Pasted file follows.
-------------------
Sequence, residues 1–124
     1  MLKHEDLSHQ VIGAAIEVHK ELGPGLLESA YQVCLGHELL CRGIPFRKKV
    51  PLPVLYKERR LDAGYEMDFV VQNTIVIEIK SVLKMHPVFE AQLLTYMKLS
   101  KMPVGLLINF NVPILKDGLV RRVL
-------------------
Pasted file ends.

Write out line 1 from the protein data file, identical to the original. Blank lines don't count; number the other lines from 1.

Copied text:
Sequence, residues 1–124